Preferably at least said first mentioned mixing means is a multiplicative mixer.

Preferably again the relationship between the characteristic of said first mentioned bandpass filter arrangement and the characteristic of said dispersive delay means is such that the linear portion of the dispersive delay means extends into the skirts of the bandpass characteristic.

Preferably again, means are provided for applying output signals produced by said first mentioned mixing means to a further dispersive delay means via a wide bandpass filter arrangement whose pass band characteristic is at least approximately matched to the dispersive delay characteristic of said further dispersive delay means, means being provided for deriving said output signals for utilization from said further dispersive delay means.

Where it is required that output signals derived during different sweeps are phase coherent, means are provided for phase-locking the repeat frequency of said narrow pulses to the frequency of said local oscillator.

It is a feature of this invention that when rendered phase coherent as above described the invention may form the spectrum analyzer part of a pulse doppler radar system in which spectrum analysis of a received signal is required after range gating.

Referring to FIG. 3, in the analyzer in accordance with the present invention a generated narrow pulse is applied to a bandpass filter 8 having a pass band extending from a frequency (f,,) to a frequency (f, +Af+ f f,) as indicated by the characteristic drawn below the block 8. The output terminal of filter 8 is connected to a dispersive delay line having maximum delay at frequency (f and minimum delay at frequency (f +Af f f as indicated by the characteristic shown below block 9. (M is the difference between the delays at frequencies (f and (f Af+f f The frequency (/1) is chosen for the convenience of dispersive delay line design. The action of the bandpass filter 8 is to narrow the impulse spectrum to match that of the dispersive line 9.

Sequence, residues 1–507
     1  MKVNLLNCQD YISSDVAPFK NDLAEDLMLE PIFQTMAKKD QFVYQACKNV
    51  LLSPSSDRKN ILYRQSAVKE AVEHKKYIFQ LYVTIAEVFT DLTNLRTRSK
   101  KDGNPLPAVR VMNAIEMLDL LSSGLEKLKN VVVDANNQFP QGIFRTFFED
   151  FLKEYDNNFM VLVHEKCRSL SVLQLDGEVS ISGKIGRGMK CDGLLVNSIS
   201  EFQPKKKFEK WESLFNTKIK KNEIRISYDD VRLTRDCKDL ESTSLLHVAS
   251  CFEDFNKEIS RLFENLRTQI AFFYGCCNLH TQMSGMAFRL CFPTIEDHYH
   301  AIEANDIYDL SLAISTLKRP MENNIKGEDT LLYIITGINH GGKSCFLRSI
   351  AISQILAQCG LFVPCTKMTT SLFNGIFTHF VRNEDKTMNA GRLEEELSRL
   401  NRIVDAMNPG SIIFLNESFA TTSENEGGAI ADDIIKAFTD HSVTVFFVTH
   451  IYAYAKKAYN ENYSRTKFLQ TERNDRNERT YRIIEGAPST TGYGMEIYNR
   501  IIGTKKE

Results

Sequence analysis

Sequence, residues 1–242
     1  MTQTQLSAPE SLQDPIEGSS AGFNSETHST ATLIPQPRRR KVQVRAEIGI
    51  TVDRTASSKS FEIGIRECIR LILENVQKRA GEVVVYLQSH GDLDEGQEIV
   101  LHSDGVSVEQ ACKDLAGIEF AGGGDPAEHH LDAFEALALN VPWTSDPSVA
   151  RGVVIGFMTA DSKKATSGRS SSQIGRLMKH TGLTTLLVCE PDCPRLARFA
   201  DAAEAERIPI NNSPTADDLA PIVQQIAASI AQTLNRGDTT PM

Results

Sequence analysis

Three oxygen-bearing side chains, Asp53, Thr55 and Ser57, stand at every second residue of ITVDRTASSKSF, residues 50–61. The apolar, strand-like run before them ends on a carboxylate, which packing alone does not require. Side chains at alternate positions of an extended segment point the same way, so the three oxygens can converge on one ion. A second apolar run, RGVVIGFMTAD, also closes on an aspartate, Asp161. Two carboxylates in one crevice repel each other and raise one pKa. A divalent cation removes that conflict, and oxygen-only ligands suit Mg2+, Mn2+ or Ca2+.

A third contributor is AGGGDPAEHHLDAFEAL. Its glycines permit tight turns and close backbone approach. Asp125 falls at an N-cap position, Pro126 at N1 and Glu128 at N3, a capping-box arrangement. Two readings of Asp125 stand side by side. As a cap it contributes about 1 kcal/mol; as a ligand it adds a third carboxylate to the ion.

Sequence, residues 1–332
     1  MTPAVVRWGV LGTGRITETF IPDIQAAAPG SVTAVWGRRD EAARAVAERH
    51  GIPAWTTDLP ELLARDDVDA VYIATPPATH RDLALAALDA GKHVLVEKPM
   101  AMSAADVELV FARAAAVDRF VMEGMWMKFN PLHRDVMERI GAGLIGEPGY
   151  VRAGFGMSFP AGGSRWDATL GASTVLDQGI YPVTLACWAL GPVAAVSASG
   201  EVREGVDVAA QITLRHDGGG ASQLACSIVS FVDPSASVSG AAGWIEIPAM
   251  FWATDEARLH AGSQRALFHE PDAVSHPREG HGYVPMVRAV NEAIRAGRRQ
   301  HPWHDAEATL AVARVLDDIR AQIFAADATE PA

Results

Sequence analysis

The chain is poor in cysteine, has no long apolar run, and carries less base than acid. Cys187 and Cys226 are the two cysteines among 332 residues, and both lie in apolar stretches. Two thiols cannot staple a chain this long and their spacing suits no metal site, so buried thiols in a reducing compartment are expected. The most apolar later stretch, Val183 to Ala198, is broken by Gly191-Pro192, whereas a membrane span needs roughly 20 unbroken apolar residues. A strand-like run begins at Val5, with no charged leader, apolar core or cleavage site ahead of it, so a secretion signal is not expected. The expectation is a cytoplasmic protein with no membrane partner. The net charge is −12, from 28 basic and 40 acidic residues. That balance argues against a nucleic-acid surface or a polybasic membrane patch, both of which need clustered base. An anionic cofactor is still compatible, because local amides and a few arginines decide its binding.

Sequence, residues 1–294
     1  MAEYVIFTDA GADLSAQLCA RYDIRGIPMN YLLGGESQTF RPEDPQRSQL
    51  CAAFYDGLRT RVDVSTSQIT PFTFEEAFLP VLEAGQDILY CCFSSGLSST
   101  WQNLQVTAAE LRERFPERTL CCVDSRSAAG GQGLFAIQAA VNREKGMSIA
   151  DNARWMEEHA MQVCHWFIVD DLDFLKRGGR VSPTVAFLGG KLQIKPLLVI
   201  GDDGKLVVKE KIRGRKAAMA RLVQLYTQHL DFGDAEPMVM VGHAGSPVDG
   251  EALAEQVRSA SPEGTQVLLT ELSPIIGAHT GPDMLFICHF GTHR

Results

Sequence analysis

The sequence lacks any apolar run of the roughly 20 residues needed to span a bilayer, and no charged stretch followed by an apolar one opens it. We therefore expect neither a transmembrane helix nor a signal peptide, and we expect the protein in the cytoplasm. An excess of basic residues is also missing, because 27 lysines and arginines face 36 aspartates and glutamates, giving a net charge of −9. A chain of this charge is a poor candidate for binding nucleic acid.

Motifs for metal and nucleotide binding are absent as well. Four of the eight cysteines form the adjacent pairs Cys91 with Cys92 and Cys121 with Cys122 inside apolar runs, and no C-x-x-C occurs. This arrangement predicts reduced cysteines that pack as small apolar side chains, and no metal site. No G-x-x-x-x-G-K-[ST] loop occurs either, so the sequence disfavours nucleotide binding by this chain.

In practice the generated narrow pulse should be sufficiently narrow as to provide a substantially flat spectrum over the range (f,,) to (f,, Af+f 'f and the linear-delay region of the dispersive line 9 should extend into the skirts of the characteristic of the bandpas filter 8. Furthermore, any relevant phase changes caused by the bandpass filter 8 should be compensated for when designing the dispersive line 9.

As so far described, the generated narrow pulse applied to the bandpass filter 8 will cause a sweep of frequency to occur at the output terminal of the dispersive line 9. If the narrow pulse is repeated at time intervals of At as represented by the waveform shown to the left (as viewed) of bandpass filter 8, frequency sweeps are created at that rate at the output terminal of dispersive line 9. Since At At', the successive frequency sweeps overlap. These frequency sweeps go from high to low frequencies and it is usually necessary to translate the frequency sweeps to a higher frequency range, nearer the input signal range (f,,) to (f,, +Af), be-

fore they are mixed with input signals applied to terminal l in mixer 2. To this end the frequency sweeps are applied to a further mixer 10 to which is applied as the second input signal a signal of frequency (f,, +f 66 f'i'fa) from a local oscillator 11. The output terminal of mixer 10 is connected to a bandpass filter 12, having a pass band of from (f +f to (f., Af+f provided to select one of the product side-bands of the mixing process in mixer 10, in this case the upper sideband. The pass-band characteristic of filter 12 is illustrated below block 12. The output terminal of filter 12 is connected to mixer 2 which, like mixer 2 of HO. 2, also has applied to it input signals to be analyzed applied to terminal 1. The output terminal of the mixer 2 is connected via wide band filter 6 to dispersive delay line 7. The output terminal of dispersive delay line 7 is again connected to final output terminal 5. That part of the arrangement shown in FIG. 3 comprising mixer 2, wide band filter 6 and dispersive delay line 7 operates in similar manner to the corresponding part of the arrangement shown in FIG. 2.